I hardly knew the girl and was shocked the day she tapped on my window at five a. m. Her rosy cheeks and sparkling eyes made me smile. That's probably why I didn't mind her being there so early. I pulled on some faded jeans, a tank top--forget the bra--and tiptoed down the old hallway winding past my parent's room.
"You wanna go to the mountains?" She handed me a coffee when I got outside.
"Ummm . . . I guess. Just let me grab my violin." Even at sixteen, I was smart enough to know that music and the mountains practically go together.
After I grabbed my fiddle and made it safely outside, that's what we did; I hardly knew the girl and yet we drove to the mountains instead of going to school that day.
It was the first time I sluffed and I'll never forget it.
The morning air hung thick with excitement as she parked the car at the base of a hiking trail. She threw me a leather jacket which was straight from the 70's. I slung my violin case over my back and we hiked into the foggy mountains.
"You know where this leads?" she asked.
I shook my head.
"To the place old Tom proposed to his wife."
Everyone in our school had heard about Tom. I still don't know if all the stories were true, but us kids clung to every detail. The point was that right in the middle of the city, not far from our homes, sat a castle. It loomed beautifully, with it's gloomy architecture and mystic arches. I loved the place and often went to sit under one of the many stained glass windows. I didn't want anyone catching me, especially Tom's family. Some said they still lived, always keeping watch over that strange place filled with sad memories.
"Do you know the whole story?" I asked. "I've heard so many different versions."
Kay remained quiet for a moment longer as we walked up the pebbled trail. She looked like a pixie with wavy, dark hair that swayed in the wind. Her long lashes framed green eyes that made you dance with merriment. But the best thing of all was her attitude; she refused to be caddy, gossipy or malicious. To be honest, she was like a guy, the kind of person I'd always looked up to.
"The two lovers met when they were young. Tom took her up these same mountains, confessed his love and they shared their first kiss."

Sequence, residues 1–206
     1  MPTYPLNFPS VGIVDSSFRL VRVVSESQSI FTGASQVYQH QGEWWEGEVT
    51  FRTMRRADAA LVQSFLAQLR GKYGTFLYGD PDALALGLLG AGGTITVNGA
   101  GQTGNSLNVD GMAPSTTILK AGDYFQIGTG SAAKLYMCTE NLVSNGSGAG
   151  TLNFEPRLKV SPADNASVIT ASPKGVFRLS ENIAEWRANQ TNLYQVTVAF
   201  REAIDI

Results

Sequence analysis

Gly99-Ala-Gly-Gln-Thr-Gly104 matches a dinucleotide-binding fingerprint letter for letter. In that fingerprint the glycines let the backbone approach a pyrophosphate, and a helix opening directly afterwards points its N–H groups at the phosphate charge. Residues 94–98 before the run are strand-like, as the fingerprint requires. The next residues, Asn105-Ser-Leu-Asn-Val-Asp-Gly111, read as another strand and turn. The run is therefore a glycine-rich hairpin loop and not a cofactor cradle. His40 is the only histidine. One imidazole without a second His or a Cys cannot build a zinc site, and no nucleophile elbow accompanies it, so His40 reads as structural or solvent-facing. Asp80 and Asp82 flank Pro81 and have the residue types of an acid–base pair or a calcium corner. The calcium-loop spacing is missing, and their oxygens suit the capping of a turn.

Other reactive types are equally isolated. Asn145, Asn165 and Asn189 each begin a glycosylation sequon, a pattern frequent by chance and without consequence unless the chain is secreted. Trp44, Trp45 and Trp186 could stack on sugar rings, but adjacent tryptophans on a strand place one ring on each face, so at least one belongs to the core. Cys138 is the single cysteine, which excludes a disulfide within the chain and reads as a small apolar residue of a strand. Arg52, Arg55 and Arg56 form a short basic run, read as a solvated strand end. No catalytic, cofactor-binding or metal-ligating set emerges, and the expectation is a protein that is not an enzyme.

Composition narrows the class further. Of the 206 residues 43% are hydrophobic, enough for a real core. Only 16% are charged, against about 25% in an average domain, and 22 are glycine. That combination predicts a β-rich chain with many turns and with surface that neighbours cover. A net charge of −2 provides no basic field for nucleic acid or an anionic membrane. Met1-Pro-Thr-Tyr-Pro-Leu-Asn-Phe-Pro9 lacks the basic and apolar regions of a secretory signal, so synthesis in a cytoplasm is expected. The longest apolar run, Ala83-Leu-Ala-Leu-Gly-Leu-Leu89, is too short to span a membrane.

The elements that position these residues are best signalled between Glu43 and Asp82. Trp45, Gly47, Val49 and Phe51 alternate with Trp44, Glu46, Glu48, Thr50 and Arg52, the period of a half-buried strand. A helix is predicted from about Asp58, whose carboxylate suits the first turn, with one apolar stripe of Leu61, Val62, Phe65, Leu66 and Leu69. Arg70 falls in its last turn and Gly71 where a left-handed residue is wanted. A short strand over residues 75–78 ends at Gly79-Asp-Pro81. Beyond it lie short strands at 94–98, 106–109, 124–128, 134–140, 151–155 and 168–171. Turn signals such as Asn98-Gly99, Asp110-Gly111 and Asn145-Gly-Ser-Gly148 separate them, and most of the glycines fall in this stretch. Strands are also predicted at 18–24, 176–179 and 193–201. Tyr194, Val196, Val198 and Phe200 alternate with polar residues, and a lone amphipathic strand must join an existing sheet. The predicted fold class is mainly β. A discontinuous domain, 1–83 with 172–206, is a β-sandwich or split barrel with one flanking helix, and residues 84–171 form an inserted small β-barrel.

We walked over a rickety bridge as Kay spoke. I held onto the fraying ropes at my side and carefully glided over the splintered, mossy boards. Her leather jacket kept me just warm enough and my violin case jarred against my back. After much teetering, creaking and swaying, we made it safely across. I think that's when I knew the day would be amazing. At the base of a small cliff, vibrant wildflowers grew on the other side of the bridge, a sign that what lay ahead was far more stunning than even the journey had been.
"But when Tom proposed, the woman said 'no'."
I'd never heard that version of the story. "Why?"
"Because she only saw him as a friend. She loved someone else, someone handsome and heroic. But Tom loved her so much, he refused to give up. So, he built her that castle, right in the middle of the city and hoped that would buy her love."
We climbed over the edge of the rock face and stood in the first rays of the morning sun. I knew that wasn't the end Tom's story, but the gorgeous scene snatched all curiosity from me. I closed my eyes and breathed deeply. The wind, brushed my hair from my face and I felt like a bird gliding in the air far above everything else.
Below us rested a lake and a tall waterfall which feed it from a mile away. A deer drank among golden willows at the other side of the water's edge. "This is amazing," I said more about that silly deer than anything else! I couldn't imagine the woman turning down a proposal in such a place.
Before anyone could move, including the deer which still hadn't noticed us standing by the edge of the cliff, I pulled out my violin. It was one of those moments where time stops. I don't know what Kay thought of me then, if she wondered what sort of girl she'd befriended in the early hours of the morning. But I didn't care anymore. I placed her leather jacket on a rock and played my violin for the graceful deer. I wanted to add something to that place, do something that would couple with the canyon's allure.
The melody wrapped around the waters; it drifted sad and sweet. I felt the sun light my arms and back with heat as the orb rose higher, coaxed by my music. Tears came to my eyes. The music flowed from my soul and the power of nature's peace overtook my melody. I pictured myself standing amongst God's courts, in some gleaming castle in the sky. I wondered what He'd think of my song because I truly played it for Him--the master of creation.
As the melody continued on, I felt something strange, as if someone else stood there with us, guiding each note I played. The melody was so sad, so forlorn, yet hinted of a distant hope. It reminded me of how Tom must have felt, taking all that time to build a castle for a woman who would never love him.
When I finished, I opened my eyes and saw that the deer had vanished, the sun hung in the sky and Kay's cheeks glistened with tears.
"That was beautiful," she said and gazed toward the waterfall. "I knew there was a reason I wanted to bring you here. You know, I wish Tom could have heard you. He loved this place."
"How do you know so much about him, and his whole story?" I asked.
"Because," she choked on a sob, "he was my grandfather. An amazing man who deserved far more than he got. And he just passed away yesterday."